While working for yourself comes with countless benefits, it also means you must bear the burden of added financial responsibility. No more work-provided health insurance, retirement plans, or W2s. It’s a learning curve, but with the right knowledge by your side and the help of an accountant to guide you through your first year, you just might be able to figure it out.
There are five essential pieces of advice to keep in mind as you embark on the journey of managing your finances as a freelancer.
- Buy health insurance
As a freelancer, you’ll be responsible for finding and providing your own health insurance from the marketplace. This can be quite expensive, so you can opt for more affordable options, like HMOs. Known when the open enrollment period starts and ends, and use sites like Healthcare.gov to filter through what’s out there.
Keep in mind that insurance plans with affordable premiums could have astronomical deductions and co-pays, so read the fine print and seek the help of an insurance broker if you’re new to the process.
- Save for taxes
You’ll have to deduct your own taxes from your checks in freelance work. Just because you work for yourself now, doesn’t make you exempt. You have the option to pay once a year or quarterly. If you make quite a bit, you might want to pay quarterly to help break up the payment.
The best way to combat this is to set aside a small percentage of each check you receive for taxes. That magic percentage may vary based on your income and circumstances, but it usually doesn’t need to exceed 30 percent.
You don’t want to get to tax season and not be able to afford your taxes. Consider this ahead of time to avoid this problem.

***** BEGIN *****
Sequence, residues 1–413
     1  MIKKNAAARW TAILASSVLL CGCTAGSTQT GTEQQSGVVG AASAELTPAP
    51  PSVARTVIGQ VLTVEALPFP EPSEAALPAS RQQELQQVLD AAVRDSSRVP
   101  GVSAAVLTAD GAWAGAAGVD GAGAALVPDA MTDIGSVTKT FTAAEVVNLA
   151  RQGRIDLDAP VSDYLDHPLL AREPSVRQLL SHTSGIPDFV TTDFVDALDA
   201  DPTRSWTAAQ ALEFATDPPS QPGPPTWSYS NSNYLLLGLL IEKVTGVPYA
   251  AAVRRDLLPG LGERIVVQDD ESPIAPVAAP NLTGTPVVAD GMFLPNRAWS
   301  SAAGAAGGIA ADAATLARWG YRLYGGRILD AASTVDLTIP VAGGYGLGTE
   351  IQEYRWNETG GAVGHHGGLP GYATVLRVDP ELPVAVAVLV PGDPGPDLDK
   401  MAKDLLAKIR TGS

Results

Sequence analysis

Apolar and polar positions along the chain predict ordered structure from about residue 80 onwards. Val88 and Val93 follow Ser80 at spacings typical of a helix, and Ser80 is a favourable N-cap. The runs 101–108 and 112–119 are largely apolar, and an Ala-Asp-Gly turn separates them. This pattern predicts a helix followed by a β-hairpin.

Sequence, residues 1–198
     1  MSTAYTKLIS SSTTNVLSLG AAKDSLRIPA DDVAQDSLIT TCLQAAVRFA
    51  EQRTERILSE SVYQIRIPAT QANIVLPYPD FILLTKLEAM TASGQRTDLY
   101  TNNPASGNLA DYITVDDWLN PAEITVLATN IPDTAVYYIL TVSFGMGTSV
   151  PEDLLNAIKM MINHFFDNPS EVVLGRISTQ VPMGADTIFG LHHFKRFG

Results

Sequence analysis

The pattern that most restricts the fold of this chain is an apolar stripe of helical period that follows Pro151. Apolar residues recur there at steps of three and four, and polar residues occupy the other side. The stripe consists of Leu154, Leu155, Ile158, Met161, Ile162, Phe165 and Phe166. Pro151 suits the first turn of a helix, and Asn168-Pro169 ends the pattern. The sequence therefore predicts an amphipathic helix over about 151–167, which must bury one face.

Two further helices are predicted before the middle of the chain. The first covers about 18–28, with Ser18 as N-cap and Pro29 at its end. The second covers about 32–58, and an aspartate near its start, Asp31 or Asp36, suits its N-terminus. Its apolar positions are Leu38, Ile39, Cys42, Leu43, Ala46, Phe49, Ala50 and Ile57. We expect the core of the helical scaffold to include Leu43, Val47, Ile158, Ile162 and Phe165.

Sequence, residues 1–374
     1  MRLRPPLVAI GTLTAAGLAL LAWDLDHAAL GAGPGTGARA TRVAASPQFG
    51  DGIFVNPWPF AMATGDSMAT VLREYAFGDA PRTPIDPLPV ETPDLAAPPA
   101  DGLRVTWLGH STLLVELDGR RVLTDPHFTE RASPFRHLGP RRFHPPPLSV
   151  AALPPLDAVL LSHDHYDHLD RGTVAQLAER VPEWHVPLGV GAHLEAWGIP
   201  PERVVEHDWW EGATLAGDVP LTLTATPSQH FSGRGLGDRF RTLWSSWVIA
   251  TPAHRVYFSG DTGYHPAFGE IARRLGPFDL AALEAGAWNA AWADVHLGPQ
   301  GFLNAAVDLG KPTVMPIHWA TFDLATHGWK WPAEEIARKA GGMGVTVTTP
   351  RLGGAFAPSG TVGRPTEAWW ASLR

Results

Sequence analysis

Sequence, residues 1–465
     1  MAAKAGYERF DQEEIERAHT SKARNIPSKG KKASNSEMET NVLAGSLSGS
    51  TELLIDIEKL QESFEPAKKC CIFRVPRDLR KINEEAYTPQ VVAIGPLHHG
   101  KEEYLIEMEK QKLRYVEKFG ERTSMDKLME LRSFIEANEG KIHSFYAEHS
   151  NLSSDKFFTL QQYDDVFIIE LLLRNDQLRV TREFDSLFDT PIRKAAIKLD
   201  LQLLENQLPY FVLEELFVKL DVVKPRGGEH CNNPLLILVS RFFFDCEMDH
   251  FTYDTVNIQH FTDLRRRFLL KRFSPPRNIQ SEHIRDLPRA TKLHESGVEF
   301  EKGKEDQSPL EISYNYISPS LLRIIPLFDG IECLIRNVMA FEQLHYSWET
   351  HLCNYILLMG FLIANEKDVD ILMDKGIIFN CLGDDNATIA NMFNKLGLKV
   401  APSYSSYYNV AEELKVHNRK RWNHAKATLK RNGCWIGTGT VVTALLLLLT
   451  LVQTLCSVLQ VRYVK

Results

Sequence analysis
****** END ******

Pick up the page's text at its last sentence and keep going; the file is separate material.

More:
- Save for retirement now
Retirement may be a long way away. However, as most will tell you, it comes a lot quicker than you would imagine. Do what you can to save for retirement now. You can do it independently, but this requires a lot of financial self-control. Instead, it’s best to set up a retirement account. Now, there are a number of different personal retirement accounts available.
Roth IRA accounts are a popular option, as they invest your money for you. While the dollars you put into this account are taxed, withdrawals are tax-free, making it comfortable and easy to access these funds whenever you are ready to retire.
Traditional IRA accounts are also attractive to some freelancers, but come with further limitations. With a traditional IRA account, you’re not taxed on the money you put in, but you are penalized if you withdraw it before you hit 59 ½ years of age.
- Save for when work is slow
You’re going to hit slow periods, and you can’t just wait them out. When things get slow at a nine to five, your job security remains. When you’re freelancing, this isn’t the case. Budget carefully for slow periods, and make sure to maintain an emergency fund at all times.
Slow periods can happen at any point. It’s important to be prepared for that setback by knowing your living expenses, and having two months’ worth of living expenses saved at any given time.
- Organize finances
Keep track of your expenses year-round so you you’re prepared when tax season comes. Your office space (even if you work from home), office supplies, and mileage could all be tax-deductible. Consult with a tax advisor your first year as a freelancer so you can know exactly what expenses may qualify.
Be sure to make clear spreadsheets and save receipts. Without evidence of your expenses, the IRS will not reimburse.
There are a number of advantages of being a freelancer. You work your own hours and get to pick the work you want to do. However, you must cover the cost of personal expenses. Follow these tips to help keep you financially stable now and in the future, when you’re ready to retire.